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Daily Devotionals
Charles Spurgeon's "Morning & Evening"
Devotional: August 15th

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“He received from God the Father honour and glory.”

Matthew 3

Matthew 3:1-3

As the priests commenced their service at thirty, it was probably at that age that John began publicly to teach. He commenced with a message most appropriate to the coming of the Saviour.

Matthew 3:4

He was dressed as Elijah had been, and lived a self-denying, ascetic life, in keeping with the ministry of repentance.

Matthew 3:5 , Matthew 3:6

All ranks and classes came to him; he stirred the whole south of Palestine with his energetic ministry. To all men he addressed suitable words of rebuke and warning.

Matthew 3:7-9

He bade them lay aside their boastings, and seriously give themselves up to repentance. This bold address would be sure to make them very angry, but John, like Elias, feared them not.

Matthew 3:10

There was to be an end of all pretence and hypocrisy. For many years formalists and boastful professors had been great in Israel; the new dispensation would destroy all this, and require truth in the inward parts.

Matthew 3:11 , Matthew 3:12

Thus the forerunner pointed to the Coming One, and bade the people look for one who in the power of the Spirit would scatter to the winds all the vainglory of learned Sadducees and boastful Pharisees, by proclaiming a spiritual religion in which repentance and faith would far outweigh external religiousness.

Matthew 3:13

Perhaps six months after John had commenced, when Jesus would be himself thirty years of age. Our Lord came after the people had been baptized, and offered himself for baptism.

Matthew 3:14 , Matthew 3:15

Jesus would set an example to all his disciples, and would in a figure set forth his own sufferings, death, burial, and resurrection, in which all righteousness is comprehended.

Matthew 3:16 , Matthew 3:17

Thus while in the act of prayer, and while yielding obedience to his Father’s will, the Lord received his first great public attestation from above, and the anointing with which he should discharge his work. Let no believer neglect the ordinance which his Lord so highly honoured, lest he lose some special sealing and anointing.

Didst thou the great example lead,

In Jordan’s swelling flood?

And shall my pride disdain the deed

That’s worthy of my God?

Hast thou for me the cross endured,

And all the shame despised?

And shall I be ashamed, O Lord,

With thee to be baptized?


“He was tempted in all points.”

Matthew 4:1-11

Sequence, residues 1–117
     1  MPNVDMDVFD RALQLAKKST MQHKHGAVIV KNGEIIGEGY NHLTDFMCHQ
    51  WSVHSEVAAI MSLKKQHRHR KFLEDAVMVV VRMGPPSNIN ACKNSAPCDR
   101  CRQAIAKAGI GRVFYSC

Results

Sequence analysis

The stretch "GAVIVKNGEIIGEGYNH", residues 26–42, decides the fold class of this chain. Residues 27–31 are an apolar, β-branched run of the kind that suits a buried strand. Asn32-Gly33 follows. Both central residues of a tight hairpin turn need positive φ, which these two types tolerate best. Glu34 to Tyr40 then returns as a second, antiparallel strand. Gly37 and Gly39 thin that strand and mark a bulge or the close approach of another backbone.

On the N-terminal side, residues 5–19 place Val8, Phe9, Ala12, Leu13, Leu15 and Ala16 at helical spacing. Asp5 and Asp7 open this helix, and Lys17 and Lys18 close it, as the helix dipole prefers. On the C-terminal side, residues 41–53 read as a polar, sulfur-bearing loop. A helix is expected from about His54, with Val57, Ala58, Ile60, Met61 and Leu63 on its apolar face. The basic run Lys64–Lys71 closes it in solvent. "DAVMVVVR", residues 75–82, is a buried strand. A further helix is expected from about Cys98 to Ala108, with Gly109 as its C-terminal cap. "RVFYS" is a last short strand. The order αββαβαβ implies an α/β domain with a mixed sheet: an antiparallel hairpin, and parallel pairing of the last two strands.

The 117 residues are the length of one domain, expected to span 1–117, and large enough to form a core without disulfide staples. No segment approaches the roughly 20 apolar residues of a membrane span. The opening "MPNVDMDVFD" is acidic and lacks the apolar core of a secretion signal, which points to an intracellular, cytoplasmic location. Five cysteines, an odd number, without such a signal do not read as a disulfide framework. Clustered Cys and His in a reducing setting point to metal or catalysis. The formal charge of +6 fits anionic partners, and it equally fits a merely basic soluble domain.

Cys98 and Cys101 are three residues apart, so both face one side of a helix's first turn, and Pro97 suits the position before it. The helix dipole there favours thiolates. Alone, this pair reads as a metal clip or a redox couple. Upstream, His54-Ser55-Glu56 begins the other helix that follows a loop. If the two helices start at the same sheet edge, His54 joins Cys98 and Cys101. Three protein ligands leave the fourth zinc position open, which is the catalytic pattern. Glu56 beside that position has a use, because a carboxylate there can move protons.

Matthew 4:1

After the blessing of the Spirit comes trial. When the soul is enriched with grace, Satan bestirs himself to rob it of its treasure; While our Lord was hidden, the evil one might be still; now that he comes forth to his life’s battle, he finds his foe awaiting him. Now was the seed of the woman to commence his combat with the old serpent.

Matthew 4:2

And while thus suffering, the tempter thought he had him at an advantage, and might assail him through his bodily needs. The arch-enemy avails himself of every weakness of our body, hoping thereby to overcome us.

Matthew 4:3

He urged him to unbelief to mistrust of his Father, and so to the use of unfit means to obtain food. Jesus had come to obey, not to command. How often, when we have been in need, has Satan tempted us to help ourselves, because God did not seem to help us! Mark that word, “ If,” that cruel doubt of his sonship. It could not wound the Perfect One, but it may sorely injure us if it be allowed a lodgment. Beware of this shaft of hell.

Matthew 4:4

He would not doubt. What if bread was lacking? God can sustain life without it, he is not dependent upon secondary causes. It was a grand blow which our champion here struck at his crafty antagonist.

Matthew 4:5 , Matthew 4:6

The enemy here went to the opposite pole, and tempted the Lord to presume. Because the promise guaranteed security, therefore he was to leap from the pinnacle. This presuming upon the promise is a common temptation, and Scripture, perverted and misquoted, is brought to back it

May we have grace to see through the snare, and never become vain confident.

Matthew 4:7

The sword of the Spirit, which is the word of God, here made another glorious and conquering cut at the enemy. How grandly our Lord defeated the foe! Let us learn never to tempt the Lord by wickedly presuming upon his mercy, or his faithfulness.

Matthew 4:9

In this case the deceiver laboured to inflame the Saviour with ambition, and made him a tempting but blasphemous offer. Alas! how many have idolized evil for the sake of power, and so have ruined their own souls! There was no vulnerable place in the Redeemer: this third arrow, like the former two, glanced harmlessly from him, and he smote a third most telling blow at his adversary.

Matthew 4:10

A well-chosen passage, and worthy to be always before our eyes. Are we living wholly unto God? This is the only safeguard against self-worship, mammon-worship, and other forms of idolatry.

Matthew 4:11

After the devil the angels. Only let us be steadfast, and, like our Lord, we shall receive celestial consolations. O thou who wast tempted for us, help us in temptation. Amen.

Jesus, more than conqueror

O’er the thrice-embattled foe,

Fill’d with thine own Spirit’s power,

Thou wilt power on us bestow.

By thy conquering Spirit led,

We shall put the fiend to flight;

Bruise again the serpent’s head,

Triumph in Messiah’s might.

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